The Chicago Tribune reports today on a partnership that has sprung up in Chicago between the Newberry Library and several universities to acquire and share rare books in order to keep them publicly accessible for researchers. Under the program, "when a desirable rare book comes up for sale, the library puts up two-thirds of the money and the school one-third. The Newberry keeps the book eight months a year; the school can have it for four." Given recent trends in university budgets, particularly when it comes to special collections, this is a great idea.
Institutions that have participated in the partnership include Notre Dame (the first, back in 1995), Western Michigan University, Illinois University, Spertus College, DePaul University, and the University of Minnesota. Over the course of the program, the Newberry has helped purchase some 23 books, with total costs nearing half a million dollars. Plans are in the works to "make all documents bought in the partnership program available for travel to all member schools."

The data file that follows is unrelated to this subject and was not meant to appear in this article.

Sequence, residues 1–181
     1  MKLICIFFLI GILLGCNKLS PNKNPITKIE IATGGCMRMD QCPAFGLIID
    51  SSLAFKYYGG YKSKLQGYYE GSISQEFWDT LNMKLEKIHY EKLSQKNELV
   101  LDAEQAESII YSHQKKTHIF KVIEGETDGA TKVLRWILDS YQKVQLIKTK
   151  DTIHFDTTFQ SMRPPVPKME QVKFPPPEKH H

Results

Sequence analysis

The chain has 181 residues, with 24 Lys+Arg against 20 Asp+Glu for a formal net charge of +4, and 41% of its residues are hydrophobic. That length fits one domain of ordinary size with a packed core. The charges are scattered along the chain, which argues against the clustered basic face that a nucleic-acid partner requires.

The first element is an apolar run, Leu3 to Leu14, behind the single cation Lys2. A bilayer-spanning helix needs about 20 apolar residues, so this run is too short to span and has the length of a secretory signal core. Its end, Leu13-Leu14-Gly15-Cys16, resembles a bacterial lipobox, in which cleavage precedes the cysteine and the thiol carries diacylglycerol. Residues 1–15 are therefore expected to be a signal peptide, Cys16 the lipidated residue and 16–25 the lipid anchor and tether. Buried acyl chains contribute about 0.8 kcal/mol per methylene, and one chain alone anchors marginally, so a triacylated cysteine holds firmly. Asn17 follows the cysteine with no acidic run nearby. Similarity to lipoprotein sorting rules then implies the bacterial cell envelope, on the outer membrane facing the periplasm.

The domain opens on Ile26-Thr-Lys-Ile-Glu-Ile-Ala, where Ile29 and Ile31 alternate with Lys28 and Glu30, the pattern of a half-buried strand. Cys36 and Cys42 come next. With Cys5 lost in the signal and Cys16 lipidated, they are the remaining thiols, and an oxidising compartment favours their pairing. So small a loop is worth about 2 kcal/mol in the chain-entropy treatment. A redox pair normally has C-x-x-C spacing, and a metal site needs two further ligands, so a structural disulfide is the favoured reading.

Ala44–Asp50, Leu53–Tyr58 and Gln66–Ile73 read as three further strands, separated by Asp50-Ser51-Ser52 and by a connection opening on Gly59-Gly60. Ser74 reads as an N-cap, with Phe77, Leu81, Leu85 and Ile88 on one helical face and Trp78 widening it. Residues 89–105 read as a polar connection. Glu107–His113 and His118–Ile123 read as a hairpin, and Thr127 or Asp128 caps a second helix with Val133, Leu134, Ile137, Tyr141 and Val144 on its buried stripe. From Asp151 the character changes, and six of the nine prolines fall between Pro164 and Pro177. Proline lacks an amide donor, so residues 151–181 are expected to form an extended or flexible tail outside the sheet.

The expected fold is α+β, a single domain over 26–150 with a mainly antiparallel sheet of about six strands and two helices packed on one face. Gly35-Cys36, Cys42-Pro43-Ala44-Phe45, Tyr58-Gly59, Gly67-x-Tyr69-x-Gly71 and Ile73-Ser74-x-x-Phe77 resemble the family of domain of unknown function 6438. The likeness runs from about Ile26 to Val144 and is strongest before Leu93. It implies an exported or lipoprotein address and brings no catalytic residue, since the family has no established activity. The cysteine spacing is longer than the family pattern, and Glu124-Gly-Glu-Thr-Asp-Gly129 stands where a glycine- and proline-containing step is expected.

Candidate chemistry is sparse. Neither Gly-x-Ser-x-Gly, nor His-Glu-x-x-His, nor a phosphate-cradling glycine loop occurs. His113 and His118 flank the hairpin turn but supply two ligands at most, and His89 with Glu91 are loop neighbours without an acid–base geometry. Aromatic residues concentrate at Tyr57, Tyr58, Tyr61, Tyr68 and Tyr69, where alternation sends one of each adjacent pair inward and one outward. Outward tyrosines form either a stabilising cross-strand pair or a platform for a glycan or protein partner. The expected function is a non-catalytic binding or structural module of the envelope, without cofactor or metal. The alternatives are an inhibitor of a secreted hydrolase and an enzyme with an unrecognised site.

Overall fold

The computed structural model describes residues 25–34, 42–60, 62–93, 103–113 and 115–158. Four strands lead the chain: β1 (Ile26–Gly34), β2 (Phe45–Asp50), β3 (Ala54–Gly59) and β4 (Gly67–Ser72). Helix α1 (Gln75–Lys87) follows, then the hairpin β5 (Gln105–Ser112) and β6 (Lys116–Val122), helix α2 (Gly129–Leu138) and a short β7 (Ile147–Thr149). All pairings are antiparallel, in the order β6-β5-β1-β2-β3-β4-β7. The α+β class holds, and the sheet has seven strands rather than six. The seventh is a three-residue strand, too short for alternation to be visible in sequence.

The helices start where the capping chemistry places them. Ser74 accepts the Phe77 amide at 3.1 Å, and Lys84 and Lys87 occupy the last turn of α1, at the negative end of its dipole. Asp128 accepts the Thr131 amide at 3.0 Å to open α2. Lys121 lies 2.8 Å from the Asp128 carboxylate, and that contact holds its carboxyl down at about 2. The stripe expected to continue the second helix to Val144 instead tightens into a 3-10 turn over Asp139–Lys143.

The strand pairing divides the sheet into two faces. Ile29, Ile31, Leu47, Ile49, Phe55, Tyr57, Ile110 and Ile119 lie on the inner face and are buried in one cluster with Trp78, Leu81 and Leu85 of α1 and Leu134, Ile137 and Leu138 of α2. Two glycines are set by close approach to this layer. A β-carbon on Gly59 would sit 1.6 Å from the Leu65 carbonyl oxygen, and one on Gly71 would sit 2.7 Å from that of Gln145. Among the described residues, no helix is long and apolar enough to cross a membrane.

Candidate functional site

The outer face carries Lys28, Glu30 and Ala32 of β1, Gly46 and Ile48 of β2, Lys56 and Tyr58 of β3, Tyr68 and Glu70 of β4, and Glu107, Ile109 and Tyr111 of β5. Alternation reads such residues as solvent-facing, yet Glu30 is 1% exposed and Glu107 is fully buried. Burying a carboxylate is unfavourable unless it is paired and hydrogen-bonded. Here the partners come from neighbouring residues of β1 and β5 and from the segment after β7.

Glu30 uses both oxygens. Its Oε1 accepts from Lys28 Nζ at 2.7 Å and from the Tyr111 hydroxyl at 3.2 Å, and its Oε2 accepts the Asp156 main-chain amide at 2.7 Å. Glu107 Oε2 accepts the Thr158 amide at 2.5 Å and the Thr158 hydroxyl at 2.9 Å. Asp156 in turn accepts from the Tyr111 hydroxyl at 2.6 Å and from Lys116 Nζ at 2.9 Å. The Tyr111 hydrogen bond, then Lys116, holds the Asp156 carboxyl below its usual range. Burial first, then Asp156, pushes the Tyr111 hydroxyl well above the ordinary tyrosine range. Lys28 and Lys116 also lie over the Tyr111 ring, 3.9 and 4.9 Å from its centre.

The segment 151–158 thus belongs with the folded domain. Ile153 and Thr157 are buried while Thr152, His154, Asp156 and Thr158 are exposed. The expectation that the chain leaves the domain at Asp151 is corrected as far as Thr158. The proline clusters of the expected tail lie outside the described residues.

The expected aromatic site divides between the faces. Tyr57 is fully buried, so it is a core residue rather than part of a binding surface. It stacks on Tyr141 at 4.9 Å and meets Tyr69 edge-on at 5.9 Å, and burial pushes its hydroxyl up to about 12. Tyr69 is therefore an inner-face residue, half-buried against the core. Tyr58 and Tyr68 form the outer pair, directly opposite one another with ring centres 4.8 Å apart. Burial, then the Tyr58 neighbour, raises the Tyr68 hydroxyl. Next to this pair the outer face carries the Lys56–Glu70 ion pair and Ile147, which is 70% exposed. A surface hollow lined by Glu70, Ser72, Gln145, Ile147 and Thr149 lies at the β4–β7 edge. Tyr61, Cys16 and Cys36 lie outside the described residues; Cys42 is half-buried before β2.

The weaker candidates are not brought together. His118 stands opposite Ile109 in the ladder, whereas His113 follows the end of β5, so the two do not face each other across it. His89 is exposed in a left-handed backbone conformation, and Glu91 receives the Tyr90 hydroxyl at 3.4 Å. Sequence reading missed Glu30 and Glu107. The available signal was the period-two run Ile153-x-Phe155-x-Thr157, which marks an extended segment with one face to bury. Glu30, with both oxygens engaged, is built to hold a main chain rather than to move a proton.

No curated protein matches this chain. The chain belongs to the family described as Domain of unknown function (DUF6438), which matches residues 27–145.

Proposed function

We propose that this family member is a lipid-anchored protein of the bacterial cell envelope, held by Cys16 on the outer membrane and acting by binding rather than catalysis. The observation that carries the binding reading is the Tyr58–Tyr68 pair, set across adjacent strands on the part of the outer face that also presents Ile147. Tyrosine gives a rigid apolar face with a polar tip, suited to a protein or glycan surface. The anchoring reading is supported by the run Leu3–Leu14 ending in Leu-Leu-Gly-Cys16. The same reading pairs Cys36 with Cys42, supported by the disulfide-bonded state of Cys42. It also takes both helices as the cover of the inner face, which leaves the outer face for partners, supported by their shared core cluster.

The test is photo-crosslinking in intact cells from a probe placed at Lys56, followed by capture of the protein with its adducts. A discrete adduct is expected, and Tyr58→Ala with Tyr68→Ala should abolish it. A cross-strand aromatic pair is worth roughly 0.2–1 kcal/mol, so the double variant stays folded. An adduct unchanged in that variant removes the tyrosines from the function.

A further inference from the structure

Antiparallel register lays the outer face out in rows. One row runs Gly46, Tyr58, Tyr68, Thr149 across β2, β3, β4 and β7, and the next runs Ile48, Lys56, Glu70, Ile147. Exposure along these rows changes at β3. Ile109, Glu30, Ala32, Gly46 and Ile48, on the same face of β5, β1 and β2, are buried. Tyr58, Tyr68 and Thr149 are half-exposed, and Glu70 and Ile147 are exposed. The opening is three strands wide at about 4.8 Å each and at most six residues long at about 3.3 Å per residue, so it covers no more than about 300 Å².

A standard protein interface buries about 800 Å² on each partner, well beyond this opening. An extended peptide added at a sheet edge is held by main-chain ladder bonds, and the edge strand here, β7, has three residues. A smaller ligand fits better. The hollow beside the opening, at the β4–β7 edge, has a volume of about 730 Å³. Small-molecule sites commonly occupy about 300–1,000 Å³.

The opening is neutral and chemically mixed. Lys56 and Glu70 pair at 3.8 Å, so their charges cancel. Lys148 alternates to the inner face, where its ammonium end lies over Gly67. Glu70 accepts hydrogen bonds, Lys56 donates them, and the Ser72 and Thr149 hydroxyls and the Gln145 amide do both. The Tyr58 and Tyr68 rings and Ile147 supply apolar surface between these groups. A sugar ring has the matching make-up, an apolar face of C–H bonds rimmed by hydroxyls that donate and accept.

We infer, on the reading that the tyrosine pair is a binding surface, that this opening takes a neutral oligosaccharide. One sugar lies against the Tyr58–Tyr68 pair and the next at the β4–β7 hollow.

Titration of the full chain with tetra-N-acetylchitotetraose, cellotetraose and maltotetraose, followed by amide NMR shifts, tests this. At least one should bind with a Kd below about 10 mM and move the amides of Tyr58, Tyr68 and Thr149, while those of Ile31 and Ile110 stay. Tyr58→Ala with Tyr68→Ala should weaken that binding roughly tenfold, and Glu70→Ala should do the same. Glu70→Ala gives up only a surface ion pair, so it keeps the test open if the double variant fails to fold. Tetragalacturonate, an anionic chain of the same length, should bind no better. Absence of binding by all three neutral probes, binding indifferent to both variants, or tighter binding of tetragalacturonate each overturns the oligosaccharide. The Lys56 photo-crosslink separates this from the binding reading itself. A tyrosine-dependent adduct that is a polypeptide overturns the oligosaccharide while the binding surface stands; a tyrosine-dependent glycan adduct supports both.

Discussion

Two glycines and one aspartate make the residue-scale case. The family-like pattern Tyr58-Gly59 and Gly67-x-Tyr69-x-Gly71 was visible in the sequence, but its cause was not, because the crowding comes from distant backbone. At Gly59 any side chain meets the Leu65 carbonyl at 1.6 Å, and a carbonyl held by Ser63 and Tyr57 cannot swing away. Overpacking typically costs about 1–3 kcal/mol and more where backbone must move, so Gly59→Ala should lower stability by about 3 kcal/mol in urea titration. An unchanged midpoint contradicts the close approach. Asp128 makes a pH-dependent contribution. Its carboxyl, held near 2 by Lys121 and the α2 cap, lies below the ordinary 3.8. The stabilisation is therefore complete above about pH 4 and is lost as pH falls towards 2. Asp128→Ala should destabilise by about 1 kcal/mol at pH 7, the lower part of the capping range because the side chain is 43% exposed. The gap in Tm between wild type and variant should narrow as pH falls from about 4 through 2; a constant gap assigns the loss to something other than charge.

As the costs of rare books continue to appreciate (see the Hauck sale posts from a few days ago!), coupled with continued budget problems for educational institutions, this kind of partnership is going to become more and more necessary - it's going to take more imaginative solutions like this to preserve our cultural artifacts, so kudos to the Newberry and the other institutions for their leadership.